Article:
Awni Behnam, Honorary President, IOI, highlighted, inter alia: Ocean governance must be an integral part of global governance; weaknesses and strengths of UNCLOS must be assessed; and blue economy and blue growth are different concepts since the core of the blue economy is sustainability, not growth.

In the ensuing discussion, participants discussed the place of science in CITES recommendations and the links between CITES and the negotiations on marine areas beyond national jurisdiction (ABNJ), among others.

Awni Behnam, IOI, stressed the importance of integrating BioTrade to the discussions on a legally binding instrument on marine biological diversity in areas beyond national jurisdiction.
David Vivas Eugui, UNCTAD, spoke on how BioTrade principles could be extended to the marine environment.
Federico Vignati, CAF, shows a blue BioTrade product: a pencil made from seaweed.
Tundi Agardy, Forest Trends, gave several examples of Blue BioTrade projects.
Panel (L-R): Daniel Kachelriess, CITES; David Vivas Eugui, UNCTAD; Antonella Vassallo, IOI; Lucas Assunҫão, UNCTAD; Tundi Agardy, Forest Trends; and Federico Vignati, CAF.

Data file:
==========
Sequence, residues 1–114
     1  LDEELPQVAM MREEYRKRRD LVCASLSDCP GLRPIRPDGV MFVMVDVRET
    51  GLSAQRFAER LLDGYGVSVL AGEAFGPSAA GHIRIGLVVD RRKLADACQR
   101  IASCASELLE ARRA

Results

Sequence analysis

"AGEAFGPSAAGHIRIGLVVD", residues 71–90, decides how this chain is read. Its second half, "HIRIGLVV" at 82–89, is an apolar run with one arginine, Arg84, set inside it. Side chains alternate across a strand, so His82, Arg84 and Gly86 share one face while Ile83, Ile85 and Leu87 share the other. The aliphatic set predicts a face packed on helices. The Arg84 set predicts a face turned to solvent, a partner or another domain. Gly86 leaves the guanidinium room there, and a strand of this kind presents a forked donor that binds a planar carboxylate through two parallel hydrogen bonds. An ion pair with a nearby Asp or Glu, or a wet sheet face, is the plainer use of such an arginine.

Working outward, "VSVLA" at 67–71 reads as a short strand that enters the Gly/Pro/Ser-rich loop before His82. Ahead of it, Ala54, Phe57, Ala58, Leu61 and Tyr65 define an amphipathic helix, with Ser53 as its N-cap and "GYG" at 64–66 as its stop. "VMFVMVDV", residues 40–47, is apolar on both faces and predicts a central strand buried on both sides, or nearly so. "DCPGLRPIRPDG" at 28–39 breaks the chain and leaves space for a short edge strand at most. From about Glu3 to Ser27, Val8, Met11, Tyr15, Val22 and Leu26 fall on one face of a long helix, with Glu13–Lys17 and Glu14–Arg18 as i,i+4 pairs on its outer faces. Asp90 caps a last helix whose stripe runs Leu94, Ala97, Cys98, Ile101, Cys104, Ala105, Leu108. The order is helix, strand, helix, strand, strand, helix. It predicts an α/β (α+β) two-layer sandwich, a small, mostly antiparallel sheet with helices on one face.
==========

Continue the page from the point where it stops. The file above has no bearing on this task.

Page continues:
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Advancing SDG 14 and the Quest for a Blue Economy Through the Promotion of Socio-Economic Benefits for Developing Countries, Including SIDS, and Increasing Scientific Knowledge and Research Capacity: Perspectives on Deep Seabed Mining
Presented by the Governments of Tonga and Mexico, International Seabed Authority (ISA), UN Department of Economic and Social Affairs (DESA), and Tonga Offshore Mining Limited and Nautilus Minerals Ltd

Michael Lodge, Secretary-General, International Seabed Authority (ISA), moderated the meeting. Mahe’uli’uli Sandhurst Tupouniua, Permanent Representative of Tonga to the UN, said blue economy entails sustainable economy where activities such as seabed mining are in balance with the health of the ecosystem. He added Tonga is the first country in the world to have adopted a Mineral Seabed Act, which highlights Tonga’s initiatives to protect and preserve its marine environment and the deep seabed.